Zacchaeus

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For the children's song, see Zacchaeus (song).

 This article incorporates text from a publication now in the public domainEaston, Matthew George (1897). "Zacchaeus". Easton's Bible Dictionary (New and revised ed.). T. Nelson and Sons. 

Painting showing Jesus holds up his hand to call Zacchaeus down from the tree while a crowd watches
Zacchaeus by Niels Larsen Stevns. Jesus calls Zacchaeus down from his height in the tree.
Photo of the actual Sycamore fig tree in Jericho today.
Zacchaeus' sycamore fig in Jericho
Stained glass rendition of Zacchaeus receiving Jesus into his house.
"Zacchaeus receives Jesus",
Church of the Good Shepherd, Jericho

Zacchaeus (Greek: Ζακχαῖος, Zakchaios; Hebrew: זכי‎, "pure", "innocent"[1]) was a chief tax-collector at Jericho, mentioned only in the Gospel of Luke.[2] A descendent of Abraham, he was a poster child for Jesus' personal, earthly mission to bring salvation to the lost.[3] Tax collectors were despised as traitors (working for the Roman Empire, not for their Jewish community), and as being corrupt.

Because the lucrative production and export of balsam was centered in Jericho, his position would have carried both importance and wealth.[4][5] In the account, he arrived before the crowd who were later to meet with Jesus, who was passing through Jericho on his way to Jerusalem. Described as a short man, Zacchaeus climbed up a sycamore fig tree so that he might be able to see Jesus. When Jesus reached the spot he looked up into the branches, addressed Zacchaeus by name, and told him to come down, for he intended to visit his house. The crowd was shocked that Jesus, a Jew, would sully himself by being a guest of a tax collector.

Moved by the audacity of Jesus' undeserved love and acceptance, Zacchaeus publicly repented acts of corruption and vowed to make restitution for them, and held a feast at his house.

Later traditions[edit]

At Er-riha (Jericho) there is a large, venerable looking square tower, which by tradition is named the House of Zacchaeus.

According to Clement of Alexandria, in his book Stromata, Zacchaeus was surnamed Matthias by the apostles, and took the place of Judas Iscariot after Jesus' ascension. Luke told us that Matthias in the beginning was with Jesus since the baptism of John (Acts 1:21-23). John also told us that later many of his disciples turned back and no longer followed him (John 6:60-66). The later Apostolic Constitutions identify "Zacchaeus the Publican" as the first bishop of Caesarea (7.46).

Medieval legend identified Zacchaeus with Saint Amadour, and held him to be the founder of the French sanctuary, Rocamadour.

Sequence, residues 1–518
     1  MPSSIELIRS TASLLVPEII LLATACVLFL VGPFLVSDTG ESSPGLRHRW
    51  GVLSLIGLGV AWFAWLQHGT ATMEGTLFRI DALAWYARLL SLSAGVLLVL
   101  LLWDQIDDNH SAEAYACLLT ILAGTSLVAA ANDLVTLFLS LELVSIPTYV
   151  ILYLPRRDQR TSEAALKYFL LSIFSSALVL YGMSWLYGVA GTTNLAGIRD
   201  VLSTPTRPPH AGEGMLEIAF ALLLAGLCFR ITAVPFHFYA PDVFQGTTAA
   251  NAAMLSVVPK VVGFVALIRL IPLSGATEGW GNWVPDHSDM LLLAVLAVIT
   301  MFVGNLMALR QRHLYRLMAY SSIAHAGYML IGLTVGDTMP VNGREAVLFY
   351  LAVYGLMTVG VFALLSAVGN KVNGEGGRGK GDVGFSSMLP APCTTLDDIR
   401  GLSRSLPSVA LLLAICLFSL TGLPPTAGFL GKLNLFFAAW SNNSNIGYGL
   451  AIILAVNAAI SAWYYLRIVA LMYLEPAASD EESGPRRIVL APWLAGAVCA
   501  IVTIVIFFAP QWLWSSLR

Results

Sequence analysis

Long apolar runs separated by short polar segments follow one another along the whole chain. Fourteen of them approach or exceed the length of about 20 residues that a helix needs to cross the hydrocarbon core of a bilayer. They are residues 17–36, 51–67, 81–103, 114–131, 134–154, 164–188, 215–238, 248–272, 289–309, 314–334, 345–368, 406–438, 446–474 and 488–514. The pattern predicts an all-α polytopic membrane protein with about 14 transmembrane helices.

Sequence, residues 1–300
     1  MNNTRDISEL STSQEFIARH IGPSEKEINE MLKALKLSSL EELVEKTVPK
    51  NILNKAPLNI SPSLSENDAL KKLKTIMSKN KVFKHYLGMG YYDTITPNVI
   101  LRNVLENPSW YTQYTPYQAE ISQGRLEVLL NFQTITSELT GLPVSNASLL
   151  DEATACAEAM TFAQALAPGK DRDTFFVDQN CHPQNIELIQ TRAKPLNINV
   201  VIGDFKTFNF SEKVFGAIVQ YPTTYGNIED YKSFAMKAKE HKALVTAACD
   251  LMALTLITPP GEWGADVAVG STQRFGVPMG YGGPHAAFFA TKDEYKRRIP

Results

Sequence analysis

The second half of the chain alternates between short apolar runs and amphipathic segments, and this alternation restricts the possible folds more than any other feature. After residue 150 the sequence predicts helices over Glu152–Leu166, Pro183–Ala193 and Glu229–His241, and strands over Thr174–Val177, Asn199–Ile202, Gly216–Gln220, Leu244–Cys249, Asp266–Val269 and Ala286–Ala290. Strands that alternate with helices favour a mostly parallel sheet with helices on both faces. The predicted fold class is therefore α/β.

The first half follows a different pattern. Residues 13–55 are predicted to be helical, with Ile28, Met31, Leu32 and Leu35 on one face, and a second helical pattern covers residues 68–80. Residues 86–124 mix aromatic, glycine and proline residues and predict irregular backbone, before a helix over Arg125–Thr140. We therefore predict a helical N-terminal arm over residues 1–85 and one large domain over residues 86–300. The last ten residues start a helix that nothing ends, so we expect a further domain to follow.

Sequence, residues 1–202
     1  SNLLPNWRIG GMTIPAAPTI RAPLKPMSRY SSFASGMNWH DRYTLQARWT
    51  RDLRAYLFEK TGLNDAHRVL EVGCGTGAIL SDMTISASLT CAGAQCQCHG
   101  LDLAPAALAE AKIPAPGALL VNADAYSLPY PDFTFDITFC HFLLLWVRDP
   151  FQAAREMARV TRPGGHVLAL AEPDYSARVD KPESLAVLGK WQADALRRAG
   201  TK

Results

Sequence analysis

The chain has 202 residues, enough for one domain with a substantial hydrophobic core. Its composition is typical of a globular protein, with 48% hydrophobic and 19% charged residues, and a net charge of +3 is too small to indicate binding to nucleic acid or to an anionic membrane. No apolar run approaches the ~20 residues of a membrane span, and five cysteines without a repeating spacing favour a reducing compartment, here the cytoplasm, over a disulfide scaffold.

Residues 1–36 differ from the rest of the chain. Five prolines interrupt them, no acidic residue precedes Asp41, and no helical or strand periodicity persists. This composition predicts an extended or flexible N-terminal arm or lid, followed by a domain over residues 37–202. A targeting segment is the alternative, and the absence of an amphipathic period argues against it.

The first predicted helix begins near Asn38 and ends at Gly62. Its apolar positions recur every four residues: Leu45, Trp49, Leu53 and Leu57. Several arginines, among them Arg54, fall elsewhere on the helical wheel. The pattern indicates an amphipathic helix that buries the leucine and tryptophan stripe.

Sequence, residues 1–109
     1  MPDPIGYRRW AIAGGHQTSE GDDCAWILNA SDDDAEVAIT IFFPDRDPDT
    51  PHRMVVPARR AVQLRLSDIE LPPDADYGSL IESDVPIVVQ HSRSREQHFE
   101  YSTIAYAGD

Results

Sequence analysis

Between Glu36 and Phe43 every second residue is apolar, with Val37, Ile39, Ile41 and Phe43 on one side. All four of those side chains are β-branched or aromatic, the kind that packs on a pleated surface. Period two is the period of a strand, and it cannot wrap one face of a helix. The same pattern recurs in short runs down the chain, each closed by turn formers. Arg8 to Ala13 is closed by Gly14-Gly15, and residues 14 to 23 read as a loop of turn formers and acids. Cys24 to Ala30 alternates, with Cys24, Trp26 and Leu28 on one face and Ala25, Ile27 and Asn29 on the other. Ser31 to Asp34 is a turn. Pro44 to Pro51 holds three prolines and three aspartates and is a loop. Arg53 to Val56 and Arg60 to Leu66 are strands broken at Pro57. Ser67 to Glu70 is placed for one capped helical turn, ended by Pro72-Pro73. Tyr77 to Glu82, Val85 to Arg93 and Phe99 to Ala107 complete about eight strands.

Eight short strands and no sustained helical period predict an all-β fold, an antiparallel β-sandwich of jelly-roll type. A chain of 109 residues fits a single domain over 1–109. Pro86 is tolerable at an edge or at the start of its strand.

Liturgical practices[edit]

In Eastern Orthodox and Greek-Catholic Churches of Slavic tradition, the Gospel account of Zacchaeus is read on the last Sunday preceding the liturgical preparation for Great Lent, for which reason that Sunday is known as "Zacchaeus Sunday." It is the very first commemoration of a new Paschal cycle. The account was chosen to open the Lenten season because of two exegetical aspects: Jesus' call to Zacchaeus to come down from the tree (symbolizing the divine call to humility), and Zacchaeus' subsequent repentance.

In the Eastern churches of Greek/Byzantine tradition, Zacchaeus Sunday may fall earlier than the Sunday before the Pre-Lenten season.

In Western Christianity, the Gospel of Zacchaeus is the read for a Dedication of a Church or its anniversary. On Dedication, red-white banners (instead of the usual yellow-white ones) are flown from the Church tower, which are consequently called the Zacchaeus flag.

Spiritual lessons[edit]

The story of Zacchaeus is used by some to illustrate [6] the saying of Jesus: "Blessed are the pure of heart, For they shall see God" Matthew 5:8, because the name Zacchaeus means pure. Zacchaeus also becomes a contrast of character with the Rich Young Ruler Luke 18:18-23. Both Zacchaeus and the Rich Young Ruler were wealthy men, but one felt a self-righteousness and would not give up his possessions, the other gave half his possessions to feed the poor.[7]

See also[edit]

References[edit]

  1. ^ Milligan, Jim. "Lexicon :: Strong's G2195 - Zakchaios". Blue Letter Bible. Sowing Circle. 
  2. ^ Luke 19:1-10
  3. ^ Warfield, Benjamin Breckinridge. "Jesus' Mission, According to His Own Testimony". Monergism. CPR Foundation. 
  4. ^ Morris, Leon. Luke: An Introduction and Commentary, page 297. Wm. B. Eerdmans, 1988.
  5. ^ Stier, Rudolf Ewald. The Words of the Lord Jesus. Trans. William Burt Pope. Page 314. Sheldon & co., 1859.
  6. ^ Pastor Doug Bachelor, Study on the Wisdom of Jesus' teachings
  7. ^ A Contrast of Character | Zacchaeus and the Rich Young Ruler
Preceded by
none
Bishop of Caesarea
?
Succeeded by
Cornelius (possibly Cornelius the Centurion)